Christmas came two days early this week for parishioners of Our Lady of the Rosary Church when their beloved priest, Father Al Gondek, was allowed to return to the parish cleared of allegations that he sexually abused a boy at a summer camp in 1960.
"We never had any questions (about his innocence)," said Kris Joss, a member of the parish council. "It was never if he comes back, it was when."
For Gondek, it has been the most trying time of his life, he said, while sitting with several members of the council Wednesday afternoon in the parish center.
A testament to forgiveness, he and his parishioners said they hold no ill will against the accuser and instead pray for him.
Gondek said he would always be thankful for the outpouring of support from not only his parish members, but also the entire Davidson County community.
"It's overwhelming," he said of the support.
Gondek was placed on administrative leave Oct. 12 by the Diocese of Charlotte after 59-year-old Michael Sowden of Wilmington, Del., said Gondek fondled him while swimming when he was a boy at a summer camp in Maryland.
Gondek's 300-member congregation stood solidly behind him during the ordeal, defending his reputation as a righteous man who could never be guilty of such an act.
The allegations were investigated by his religious order, the Oblates of St. Francis DeSales, and an inquiry was conducted by the Review Board of the Diocese of Charlotte.
The Oblates contracted with Chief Judge Joseph H.H. Kaplan of Baltimore, Md., to conduct the investigation.
Kaplan has no connection to the church, the diocese or the Roman Catholic Church.
Sowden's attorney alleged in a news release in October that Sowden was fondled by Gondek while swimming at the camp in 1960. The investigation showed, however, that the camp did not open until 1961 and Gondek was not assigned there until 1962.
Furthermore, the retired judge's investigation and an independent polygraph of Gondek showed the priest does not know how to swim.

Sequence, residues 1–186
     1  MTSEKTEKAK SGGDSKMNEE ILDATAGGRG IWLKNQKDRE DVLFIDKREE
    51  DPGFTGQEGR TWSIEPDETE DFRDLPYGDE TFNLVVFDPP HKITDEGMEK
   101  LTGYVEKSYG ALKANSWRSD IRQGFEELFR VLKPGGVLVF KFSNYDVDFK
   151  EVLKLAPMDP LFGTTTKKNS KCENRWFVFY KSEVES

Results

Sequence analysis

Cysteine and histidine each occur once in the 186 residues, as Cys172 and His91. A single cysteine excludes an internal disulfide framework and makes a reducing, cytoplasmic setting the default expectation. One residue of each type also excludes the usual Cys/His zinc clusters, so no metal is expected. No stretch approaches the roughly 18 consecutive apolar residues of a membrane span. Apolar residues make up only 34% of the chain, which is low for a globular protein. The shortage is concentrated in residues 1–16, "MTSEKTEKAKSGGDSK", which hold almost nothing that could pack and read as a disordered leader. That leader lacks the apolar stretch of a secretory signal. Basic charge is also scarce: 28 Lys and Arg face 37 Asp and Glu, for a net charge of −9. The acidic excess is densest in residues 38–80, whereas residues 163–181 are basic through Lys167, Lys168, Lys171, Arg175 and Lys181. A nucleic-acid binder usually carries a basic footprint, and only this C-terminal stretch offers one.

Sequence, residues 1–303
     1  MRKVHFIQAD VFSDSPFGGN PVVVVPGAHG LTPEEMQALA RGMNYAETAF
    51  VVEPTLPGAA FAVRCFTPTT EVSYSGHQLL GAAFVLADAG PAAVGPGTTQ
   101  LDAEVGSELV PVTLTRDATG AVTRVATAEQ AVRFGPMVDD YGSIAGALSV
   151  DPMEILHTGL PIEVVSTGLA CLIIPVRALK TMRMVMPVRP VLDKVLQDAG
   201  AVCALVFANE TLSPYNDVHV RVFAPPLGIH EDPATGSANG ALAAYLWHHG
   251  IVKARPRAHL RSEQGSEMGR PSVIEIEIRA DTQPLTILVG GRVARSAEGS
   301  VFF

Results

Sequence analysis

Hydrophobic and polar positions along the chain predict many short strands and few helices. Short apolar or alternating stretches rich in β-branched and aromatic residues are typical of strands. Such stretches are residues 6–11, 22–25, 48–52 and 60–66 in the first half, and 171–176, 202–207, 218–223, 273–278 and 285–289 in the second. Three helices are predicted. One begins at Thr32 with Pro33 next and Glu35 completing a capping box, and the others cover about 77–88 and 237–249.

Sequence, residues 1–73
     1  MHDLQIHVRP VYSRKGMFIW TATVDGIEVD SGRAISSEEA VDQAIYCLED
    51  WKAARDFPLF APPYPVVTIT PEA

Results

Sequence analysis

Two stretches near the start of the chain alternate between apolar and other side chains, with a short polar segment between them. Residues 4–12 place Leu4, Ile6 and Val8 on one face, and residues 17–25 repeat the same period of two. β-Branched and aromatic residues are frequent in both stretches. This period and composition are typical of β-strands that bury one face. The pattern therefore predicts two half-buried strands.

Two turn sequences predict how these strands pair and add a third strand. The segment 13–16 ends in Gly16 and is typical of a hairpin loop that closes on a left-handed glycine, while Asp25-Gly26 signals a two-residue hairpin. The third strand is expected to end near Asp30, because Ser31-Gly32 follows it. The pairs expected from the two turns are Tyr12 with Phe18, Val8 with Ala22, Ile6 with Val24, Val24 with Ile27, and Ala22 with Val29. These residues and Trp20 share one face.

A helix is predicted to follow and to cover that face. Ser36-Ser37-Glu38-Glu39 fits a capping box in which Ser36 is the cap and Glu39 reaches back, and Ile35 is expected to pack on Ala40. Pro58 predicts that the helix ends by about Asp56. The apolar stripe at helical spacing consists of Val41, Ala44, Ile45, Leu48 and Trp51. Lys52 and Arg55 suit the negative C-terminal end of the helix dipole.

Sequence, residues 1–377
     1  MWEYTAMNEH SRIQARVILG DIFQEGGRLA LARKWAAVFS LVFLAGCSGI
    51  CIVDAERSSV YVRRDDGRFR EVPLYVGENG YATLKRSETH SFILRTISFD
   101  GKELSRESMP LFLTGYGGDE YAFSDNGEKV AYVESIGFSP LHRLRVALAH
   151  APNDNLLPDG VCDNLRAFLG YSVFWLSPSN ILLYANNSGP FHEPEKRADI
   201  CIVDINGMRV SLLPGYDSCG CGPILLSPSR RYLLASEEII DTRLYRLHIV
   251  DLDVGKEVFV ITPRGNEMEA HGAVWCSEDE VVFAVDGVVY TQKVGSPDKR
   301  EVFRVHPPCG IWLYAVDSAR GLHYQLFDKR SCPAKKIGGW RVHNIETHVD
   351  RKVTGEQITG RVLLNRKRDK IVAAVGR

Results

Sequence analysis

"Right after Father Al left, we served the homeless a meal, which we do the first Sunday of each month," said Joss, referring to the day Gondek departed the parish to stay at his Oblates' seminary in Washington, D.C., during the investigation. "They kept coming up to us and told us they were so sorry this had happened. They said they knew Father Al and he could not have done what he was accused of."
To show how much support he received in Lexington from people outside his church, a parish member shared with him a recording of a sermon by the Rev. Dr. Ray Howell III, senior minister of First Baptist Church on West Third Avenue.
In the sermon Howell asked his congregation to pray for Gondek and his congregation and said the "Father Al" he knew could not be guilty of the allegations.
Others with whom Gondek has served on many community boards and commissions also offered their support with cards and letters to him and in defense of him to the diocese's bishop. Gondek has served on the Lexington Human Relations Commission for eight years and is a past president of the Lexington Area Ministerial Association. In addition, he is an active participant in the Latino Roundtable, a group of community members who discuss ways to bring the growing Hispanic population here into the mainstream community. He also is a member of the Davidson County Juvenile Crime Prevention Committee.
"I received mail from people I didn't even know," Gondek said.
On Friday, parish council members received an e-mail from David Hains, communications director of the Charlotte Diocese, that read that Bishop Peter J. Jurgis would meet with them Sunday after Mass to discuss the investigation. The e-mail did not mention that Gondek was coming home and the investigation had cleared him of wrongdoing.
"We hoped, but we didn't know if he was coming," Joss said. "We've been praying very hard."
When Gondek walked into he church with the bishop Sunday, church members burst into applause.
"There were tears, too," said Lisa Grondy, a parish council member. "My daughter, Katie, has cried her eyes out. It was an answered prayer for her."
Added Joss: "Everybody has wanted to grab him and never let go."
When Gondek left Lexington for Washington in October, he was told to pack for two weeks. The weeks turned into months. Prayer got him through those dark hours, he said.
"I was just relieved," he said of getting a call from his superior that the investigation was over. "It's been a painful journey."
He spent his time at the seminary praying and attending three masses each day.
On Sunday, Jan. 6, the church has planned an open house called an "Answered Prayer Celebration" at the parish center to welcome Gondek home. The event, to which the public is invited, will take place from 3 to 6 p.m. at 711 S. Main St.
"My faith has deepened," Gondek said. "My hope has strengthened and my charity has strengthened. When we were educated, we were taught you live in the present moment one day at a time. You just accept what God sends you that day. ... My prayer life has sustained me."
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